The research was published in the journal JAMA Surgery. Numerous studies have established obesity as a major risk factor for developing serious illness from an infection of Severe Acute Respiratory Syndrome Coronavirus type 2 (SARS-CoV-2), the virus that causes COVID-19. Obesity weakens the immune system, creates a chronic inflammatory state, and increases the risk for cardiovascular disease, blood clots, and lung conditions. All of these conditions can complicate COVID-19.

MEANWHILE, to illustrate how to go about making New Year resolutions, The Guardian asked a few people about their health resolutions. A cinematographer, Gbangbayau Nifemi, shared his New Year resolutions. He said his first mission is to focus more on rest. “I want to make sure I have time to rest, ensuring that I take enough rest before and after I engage myself in work. I plan to rest for not less than six to seven hours a day because of my age,” he said.

Secondly, he said he intends to watch what he takes. Nifemi said he wants to limit his intake of sugar, food seasonings and junk foods. He also said he wants to make his breakfast compulsory. “Breakfast is the most important food of the day, so I intend to take my breakfast as early as 8 am or 9 am. Even if I want to skip any meal it won’t be breakfast,” he said. Nifemi added that he plans to start taking eggs. “One egg per day,” he said.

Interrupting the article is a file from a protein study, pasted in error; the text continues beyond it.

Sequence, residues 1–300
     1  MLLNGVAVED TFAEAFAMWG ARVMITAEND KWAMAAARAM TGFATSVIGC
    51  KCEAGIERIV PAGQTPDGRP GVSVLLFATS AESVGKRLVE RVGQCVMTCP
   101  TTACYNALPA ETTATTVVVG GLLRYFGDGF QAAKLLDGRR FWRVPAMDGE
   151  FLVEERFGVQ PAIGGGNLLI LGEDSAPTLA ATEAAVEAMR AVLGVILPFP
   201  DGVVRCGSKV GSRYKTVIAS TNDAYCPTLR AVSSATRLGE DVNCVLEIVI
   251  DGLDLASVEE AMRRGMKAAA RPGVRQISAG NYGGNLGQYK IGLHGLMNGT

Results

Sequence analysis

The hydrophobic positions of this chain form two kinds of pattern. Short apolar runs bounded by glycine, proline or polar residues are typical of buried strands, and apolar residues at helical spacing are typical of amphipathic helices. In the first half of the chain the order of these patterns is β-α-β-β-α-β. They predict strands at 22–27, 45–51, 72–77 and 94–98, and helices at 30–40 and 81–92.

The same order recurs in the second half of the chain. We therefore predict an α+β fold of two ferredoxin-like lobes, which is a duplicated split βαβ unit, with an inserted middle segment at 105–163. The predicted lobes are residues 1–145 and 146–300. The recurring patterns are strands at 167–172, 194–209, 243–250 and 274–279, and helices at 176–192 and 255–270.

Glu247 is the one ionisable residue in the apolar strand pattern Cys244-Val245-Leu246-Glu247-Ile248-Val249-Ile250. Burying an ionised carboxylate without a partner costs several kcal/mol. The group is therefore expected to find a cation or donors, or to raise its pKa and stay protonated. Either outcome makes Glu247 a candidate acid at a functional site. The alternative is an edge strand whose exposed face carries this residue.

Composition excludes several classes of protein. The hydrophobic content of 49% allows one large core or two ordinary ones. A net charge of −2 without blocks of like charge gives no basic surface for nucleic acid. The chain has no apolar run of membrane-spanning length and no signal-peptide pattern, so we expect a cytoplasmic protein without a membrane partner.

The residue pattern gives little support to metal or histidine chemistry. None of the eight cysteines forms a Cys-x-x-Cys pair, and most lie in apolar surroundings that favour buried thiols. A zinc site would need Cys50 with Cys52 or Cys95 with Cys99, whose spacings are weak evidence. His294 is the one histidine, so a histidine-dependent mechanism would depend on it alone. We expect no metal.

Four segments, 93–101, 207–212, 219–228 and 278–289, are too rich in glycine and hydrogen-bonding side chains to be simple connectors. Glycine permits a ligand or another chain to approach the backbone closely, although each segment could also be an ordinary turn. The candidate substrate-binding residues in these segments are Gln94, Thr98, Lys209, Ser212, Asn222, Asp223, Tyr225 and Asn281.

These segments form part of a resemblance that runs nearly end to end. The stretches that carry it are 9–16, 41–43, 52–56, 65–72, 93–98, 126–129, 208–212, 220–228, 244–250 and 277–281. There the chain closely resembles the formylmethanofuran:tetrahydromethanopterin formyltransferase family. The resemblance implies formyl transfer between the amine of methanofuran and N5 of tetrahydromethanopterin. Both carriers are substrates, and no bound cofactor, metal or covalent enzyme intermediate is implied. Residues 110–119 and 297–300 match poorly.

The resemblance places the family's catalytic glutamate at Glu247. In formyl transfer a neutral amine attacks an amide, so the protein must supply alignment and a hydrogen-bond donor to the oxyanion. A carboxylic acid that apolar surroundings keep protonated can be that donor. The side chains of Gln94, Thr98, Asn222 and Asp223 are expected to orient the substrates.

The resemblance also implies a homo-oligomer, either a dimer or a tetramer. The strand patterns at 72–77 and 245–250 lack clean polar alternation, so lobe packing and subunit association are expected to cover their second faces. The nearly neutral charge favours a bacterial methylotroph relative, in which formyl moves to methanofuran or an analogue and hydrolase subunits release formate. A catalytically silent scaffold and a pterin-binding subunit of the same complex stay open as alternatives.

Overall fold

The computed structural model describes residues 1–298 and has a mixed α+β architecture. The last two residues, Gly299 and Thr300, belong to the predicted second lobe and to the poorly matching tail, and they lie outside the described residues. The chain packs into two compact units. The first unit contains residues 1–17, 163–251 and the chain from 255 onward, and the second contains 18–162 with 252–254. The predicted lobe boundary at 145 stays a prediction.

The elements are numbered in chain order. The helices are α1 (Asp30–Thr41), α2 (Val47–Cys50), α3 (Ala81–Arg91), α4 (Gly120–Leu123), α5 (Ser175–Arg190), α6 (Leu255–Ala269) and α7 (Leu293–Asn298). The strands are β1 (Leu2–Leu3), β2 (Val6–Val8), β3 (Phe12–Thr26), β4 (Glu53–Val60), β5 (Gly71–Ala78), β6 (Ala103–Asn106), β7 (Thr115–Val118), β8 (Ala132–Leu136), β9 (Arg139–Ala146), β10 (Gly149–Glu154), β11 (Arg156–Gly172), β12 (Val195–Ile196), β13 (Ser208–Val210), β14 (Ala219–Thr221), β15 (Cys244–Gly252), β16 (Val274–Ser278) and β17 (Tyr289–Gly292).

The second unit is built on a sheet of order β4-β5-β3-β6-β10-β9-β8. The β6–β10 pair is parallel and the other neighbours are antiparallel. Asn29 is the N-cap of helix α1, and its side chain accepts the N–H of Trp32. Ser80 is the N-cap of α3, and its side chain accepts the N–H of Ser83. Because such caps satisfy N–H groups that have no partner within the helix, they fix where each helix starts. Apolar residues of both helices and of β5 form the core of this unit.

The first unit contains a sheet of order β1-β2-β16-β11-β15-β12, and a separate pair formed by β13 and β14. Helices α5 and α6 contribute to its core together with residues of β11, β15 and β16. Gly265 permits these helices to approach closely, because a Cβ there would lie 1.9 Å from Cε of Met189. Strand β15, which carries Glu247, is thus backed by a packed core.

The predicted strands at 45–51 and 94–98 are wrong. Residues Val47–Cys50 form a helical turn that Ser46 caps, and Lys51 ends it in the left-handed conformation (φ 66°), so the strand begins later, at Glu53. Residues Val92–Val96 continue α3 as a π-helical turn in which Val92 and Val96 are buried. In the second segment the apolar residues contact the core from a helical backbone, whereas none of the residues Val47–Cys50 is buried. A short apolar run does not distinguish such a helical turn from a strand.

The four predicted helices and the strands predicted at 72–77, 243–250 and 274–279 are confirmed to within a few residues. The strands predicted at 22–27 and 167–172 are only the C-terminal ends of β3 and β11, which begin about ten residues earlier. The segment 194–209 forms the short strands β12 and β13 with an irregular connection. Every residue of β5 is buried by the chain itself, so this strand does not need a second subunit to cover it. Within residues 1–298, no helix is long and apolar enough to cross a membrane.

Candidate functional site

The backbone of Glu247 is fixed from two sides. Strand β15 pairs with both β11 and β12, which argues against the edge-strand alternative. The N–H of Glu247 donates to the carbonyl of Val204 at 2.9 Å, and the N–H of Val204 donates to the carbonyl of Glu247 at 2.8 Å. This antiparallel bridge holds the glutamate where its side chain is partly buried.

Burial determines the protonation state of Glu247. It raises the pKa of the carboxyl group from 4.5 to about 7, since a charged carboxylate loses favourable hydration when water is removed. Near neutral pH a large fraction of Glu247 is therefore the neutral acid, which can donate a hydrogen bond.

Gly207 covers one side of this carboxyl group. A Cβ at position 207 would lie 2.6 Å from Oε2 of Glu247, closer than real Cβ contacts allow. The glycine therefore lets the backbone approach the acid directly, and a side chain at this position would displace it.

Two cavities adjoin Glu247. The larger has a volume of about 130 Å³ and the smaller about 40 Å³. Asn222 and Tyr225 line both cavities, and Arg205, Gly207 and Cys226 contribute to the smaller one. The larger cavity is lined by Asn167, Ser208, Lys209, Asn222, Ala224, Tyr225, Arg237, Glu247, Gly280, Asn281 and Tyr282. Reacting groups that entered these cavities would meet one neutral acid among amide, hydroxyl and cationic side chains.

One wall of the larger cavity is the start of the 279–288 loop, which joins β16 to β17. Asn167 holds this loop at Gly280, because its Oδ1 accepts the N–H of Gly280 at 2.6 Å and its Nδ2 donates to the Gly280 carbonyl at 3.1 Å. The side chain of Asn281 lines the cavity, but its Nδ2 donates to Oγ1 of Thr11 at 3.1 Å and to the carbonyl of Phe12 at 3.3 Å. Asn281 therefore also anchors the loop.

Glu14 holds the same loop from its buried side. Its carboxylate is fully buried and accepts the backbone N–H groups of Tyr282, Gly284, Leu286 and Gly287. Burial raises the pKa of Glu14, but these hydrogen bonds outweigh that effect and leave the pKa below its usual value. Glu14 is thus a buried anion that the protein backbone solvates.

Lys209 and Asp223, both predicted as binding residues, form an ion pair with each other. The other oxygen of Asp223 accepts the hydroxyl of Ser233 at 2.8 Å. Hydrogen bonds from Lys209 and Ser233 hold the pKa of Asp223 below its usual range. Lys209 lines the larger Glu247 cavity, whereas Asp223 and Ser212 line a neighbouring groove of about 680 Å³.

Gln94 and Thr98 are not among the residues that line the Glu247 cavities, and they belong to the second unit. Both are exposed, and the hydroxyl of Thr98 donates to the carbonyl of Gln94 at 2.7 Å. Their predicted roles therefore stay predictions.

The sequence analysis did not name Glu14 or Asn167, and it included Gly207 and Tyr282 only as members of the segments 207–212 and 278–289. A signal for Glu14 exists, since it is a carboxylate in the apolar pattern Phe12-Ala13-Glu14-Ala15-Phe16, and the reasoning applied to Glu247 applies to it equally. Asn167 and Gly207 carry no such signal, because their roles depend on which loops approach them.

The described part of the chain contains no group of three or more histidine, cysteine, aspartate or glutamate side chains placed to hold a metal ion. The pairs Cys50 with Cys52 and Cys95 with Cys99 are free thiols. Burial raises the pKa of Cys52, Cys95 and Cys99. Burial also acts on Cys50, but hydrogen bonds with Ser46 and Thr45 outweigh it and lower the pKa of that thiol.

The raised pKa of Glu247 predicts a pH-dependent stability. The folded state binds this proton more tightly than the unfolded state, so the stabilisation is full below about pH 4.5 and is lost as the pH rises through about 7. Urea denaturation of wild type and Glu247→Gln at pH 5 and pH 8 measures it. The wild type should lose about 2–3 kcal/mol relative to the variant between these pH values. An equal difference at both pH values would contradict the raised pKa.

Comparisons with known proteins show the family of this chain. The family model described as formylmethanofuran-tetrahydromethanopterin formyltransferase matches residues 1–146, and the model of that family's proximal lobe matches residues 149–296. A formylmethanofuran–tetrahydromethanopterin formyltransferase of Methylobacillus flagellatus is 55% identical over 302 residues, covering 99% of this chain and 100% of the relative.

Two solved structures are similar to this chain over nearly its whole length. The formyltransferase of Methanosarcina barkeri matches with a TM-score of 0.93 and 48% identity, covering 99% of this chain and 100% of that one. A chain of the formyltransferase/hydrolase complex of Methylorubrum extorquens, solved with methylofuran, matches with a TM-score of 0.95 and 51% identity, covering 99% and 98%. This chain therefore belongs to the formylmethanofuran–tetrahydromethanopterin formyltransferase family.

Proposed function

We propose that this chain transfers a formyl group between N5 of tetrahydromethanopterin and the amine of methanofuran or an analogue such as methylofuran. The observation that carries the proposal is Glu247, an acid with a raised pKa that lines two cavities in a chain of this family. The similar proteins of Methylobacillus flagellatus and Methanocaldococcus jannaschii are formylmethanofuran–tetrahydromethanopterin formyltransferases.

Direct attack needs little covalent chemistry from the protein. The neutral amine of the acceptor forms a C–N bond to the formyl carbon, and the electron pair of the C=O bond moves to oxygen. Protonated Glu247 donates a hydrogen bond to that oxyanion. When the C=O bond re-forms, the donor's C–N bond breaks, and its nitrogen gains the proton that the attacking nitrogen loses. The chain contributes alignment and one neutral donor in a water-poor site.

Nifemi said he wants to stop the habit of sleeping immediately after taking night food. “Once I finish eating, I should rest for about 45 minutes to help digest the food.”

Nifemi said he plans to exercise more frequently in 2022.

A staff member of Ikeja Electric Distribution Company (IEDC), Mr. Detola Ibiyemi, said his resolution is on what he eats and to always consume enough water. Ibiyemi said that he wants to work on his sleeping pattern. “I need to have at least eight hours of sleep every day,” he said. Ibiyemi said he wants to watch his diet and avoid junk food.